“I think that things will actually not get better until more people who have come up with these technologies start to come into power, because I think they have no problem understanding that these tools are largely good and useful, and also that they're not going to not use them. And I think it's that generation that's going to enact the changes that we need. I think the older generation has a hard time wrapping their heads around the fact that this isn't an either-or issue.”
He mentions in the documentary that YouTube is the centre of the online world for many young people – the first place they turn to for information.
“I'm not even that young anymore!” He laughs. “I mean, I have kids that are now grown, that came up on YouTube. And so that wasn't a shift. And now they're adults, out of college and in the world, and they're still on all the time. I think, again, YouTube is a media platform that is often misrepresented or ignored because it's so vast that people can't really get their heads around it. So they focus on Meta or Twitter, which seem more understandable, but I think that when you're dealing with a platform like YouTube, which is all of the world's news, all of the world's media, and a social media platform, and a DIY platform, and a self-contained entertainment platform, and a propaganda tool, I think – and a search engine, which it is, because most of my kids use that over Google to search, I just think it's really hard for people to grasp the scale. How pervasive and broad this tool is, I mean, it's almost like a Swiss army knife for everything. I just think that that's going to get bigger, not smaller, as time goes on.”
The YouTube Effect Photo: Kristy Tully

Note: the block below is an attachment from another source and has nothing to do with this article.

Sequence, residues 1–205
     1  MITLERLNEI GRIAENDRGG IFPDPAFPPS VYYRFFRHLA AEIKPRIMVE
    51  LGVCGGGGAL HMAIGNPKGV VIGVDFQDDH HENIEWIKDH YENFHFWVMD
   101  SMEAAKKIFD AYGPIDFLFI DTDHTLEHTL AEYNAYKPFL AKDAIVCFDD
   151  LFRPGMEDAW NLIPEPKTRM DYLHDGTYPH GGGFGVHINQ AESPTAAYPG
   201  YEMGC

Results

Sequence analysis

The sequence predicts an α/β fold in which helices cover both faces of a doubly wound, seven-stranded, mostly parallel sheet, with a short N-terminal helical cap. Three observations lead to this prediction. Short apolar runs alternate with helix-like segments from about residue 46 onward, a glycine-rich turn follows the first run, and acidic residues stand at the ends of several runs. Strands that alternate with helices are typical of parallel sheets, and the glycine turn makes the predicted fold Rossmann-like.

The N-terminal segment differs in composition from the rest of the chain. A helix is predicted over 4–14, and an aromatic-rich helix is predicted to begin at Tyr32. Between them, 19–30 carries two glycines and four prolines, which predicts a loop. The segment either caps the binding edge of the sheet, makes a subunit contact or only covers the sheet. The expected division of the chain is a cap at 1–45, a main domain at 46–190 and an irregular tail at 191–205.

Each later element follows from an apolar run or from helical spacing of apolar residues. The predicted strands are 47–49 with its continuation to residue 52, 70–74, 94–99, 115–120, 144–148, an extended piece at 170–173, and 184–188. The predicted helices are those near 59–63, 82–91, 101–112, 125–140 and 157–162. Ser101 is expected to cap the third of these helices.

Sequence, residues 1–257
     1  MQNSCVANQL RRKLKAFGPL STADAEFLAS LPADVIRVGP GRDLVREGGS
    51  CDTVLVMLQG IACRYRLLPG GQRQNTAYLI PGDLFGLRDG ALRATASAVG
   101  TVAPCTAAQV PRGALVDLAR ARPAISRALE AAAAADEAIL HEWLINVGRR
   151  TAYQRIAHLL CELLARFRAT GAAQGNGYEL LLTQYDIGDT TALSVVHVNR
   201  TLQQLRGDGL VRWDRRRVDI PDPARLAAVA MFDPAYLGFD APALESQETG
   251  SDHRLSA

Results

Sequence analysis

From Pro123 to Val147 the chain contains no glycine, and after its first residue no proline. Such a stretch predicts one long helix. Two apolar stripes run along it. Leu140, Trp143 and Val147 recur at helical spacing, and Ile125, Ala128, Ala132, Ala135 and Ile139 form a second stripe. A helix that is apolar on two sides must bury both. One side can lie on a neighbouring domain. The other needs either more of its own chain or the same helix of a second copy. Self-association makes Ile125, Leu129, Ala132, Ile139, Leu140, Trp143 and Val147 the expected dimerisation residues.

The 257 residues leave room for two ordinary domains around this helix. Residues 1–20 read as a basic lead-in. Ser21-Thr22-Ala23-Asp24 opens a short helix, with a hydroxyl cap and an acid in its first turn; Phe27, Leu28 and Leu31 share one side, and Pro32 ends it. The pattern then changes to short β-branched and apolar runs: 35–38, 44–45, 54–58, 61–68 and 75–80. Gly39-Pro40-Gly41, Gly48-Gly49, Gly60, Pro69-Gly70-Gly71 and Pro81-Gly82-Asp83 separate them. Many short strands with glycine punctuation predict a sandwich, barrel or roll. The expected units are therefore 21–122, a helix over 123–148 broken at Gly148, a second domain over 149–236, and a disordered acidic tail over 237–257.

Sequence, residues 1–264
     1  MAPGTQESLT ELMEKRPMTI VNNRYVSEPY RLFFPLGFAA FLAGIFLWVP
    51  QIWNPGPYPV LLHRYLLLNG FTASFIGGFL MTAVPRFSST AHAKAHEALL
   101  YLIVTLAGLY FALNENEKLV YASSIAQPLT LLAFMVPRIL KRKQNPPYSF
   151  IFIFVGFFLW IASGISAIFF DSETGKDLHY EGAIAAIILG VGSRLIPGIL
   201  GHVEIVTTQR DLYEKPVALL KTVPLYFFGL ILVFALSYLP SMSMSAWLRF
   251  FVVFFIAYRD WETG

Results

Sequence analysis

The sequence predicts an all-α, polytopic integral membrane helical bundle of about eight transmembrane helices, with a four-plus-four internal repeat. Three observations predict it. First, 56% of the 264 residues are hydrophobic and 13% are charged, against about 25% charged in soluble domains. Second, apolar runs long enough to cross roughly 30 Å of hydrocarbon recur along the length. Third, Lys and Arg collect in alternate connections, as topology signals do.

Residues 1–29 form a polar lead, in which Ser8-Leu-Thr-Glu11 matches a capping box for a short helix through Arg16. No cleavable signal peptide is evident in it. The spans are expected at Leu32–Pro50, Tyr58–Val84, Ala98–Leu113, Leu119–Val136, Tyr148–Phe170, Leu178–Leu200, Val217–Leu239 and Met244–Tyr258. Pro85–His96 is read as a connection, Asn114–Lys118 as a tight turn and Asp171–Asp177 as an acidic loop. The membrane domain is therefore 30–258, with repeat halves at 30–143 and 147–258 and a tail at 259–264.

I tell him that I recently saw a documentary about Umberto Eco in which the author opines that the purpose of memory is twofold – to store information and to filter out the junk – and that the problem with substituting the internet for our memory is that it has no ability to select based on quality.
“I think that may be the case to a degree, but I don't think that's the primary issue,” he says. “I think the primary issue is just a straight up capitalist issue, where you have a platform that has risen and because there's no other mechanism in place for a business model, they applied a TV ad-based model to it. But it's not a TV. And it has a has a much broader set of tools than a TV or a newspaper. But the way that it functions is dollars are attached to content, and they make more money the more content is viewed, and we've known from time immemorial – certainly before Pulitzer invented yellow journalism – that people gravitate towards negative, salacious and hate-filled and inciting content, provocative content, over other content. So when you connect that finance mechanism to a media platform as fast as YouTube, then you're going to have problems. And that's not an algorithm issue. It's not even a technology issue. It's just a business issue.”
It also feeds into celebrity culture, so as we come towards the end of our allotted time, i ask him how he tracked down the various YouTube celebrities interviewed in his film.
“Well, you know, I'm old. So I've been around a while and I've watched YouTube rise. I was mentoring the Fine Brothers when they got onto the platform at the very beginning, and I've known the Smosh guys for many years, and many other influencers on YouTube I've known for many, many years. So a lot of these were relationships that I already had and then I went after people that I was very impressed with, that I thought would have good things to say, like Natalie Wynn from Contrapoints, who I just think is extraordinary. I just built a cast of people that I thought would be interesting and kind of interconnected in a way, and feel like kind of an ensemble.”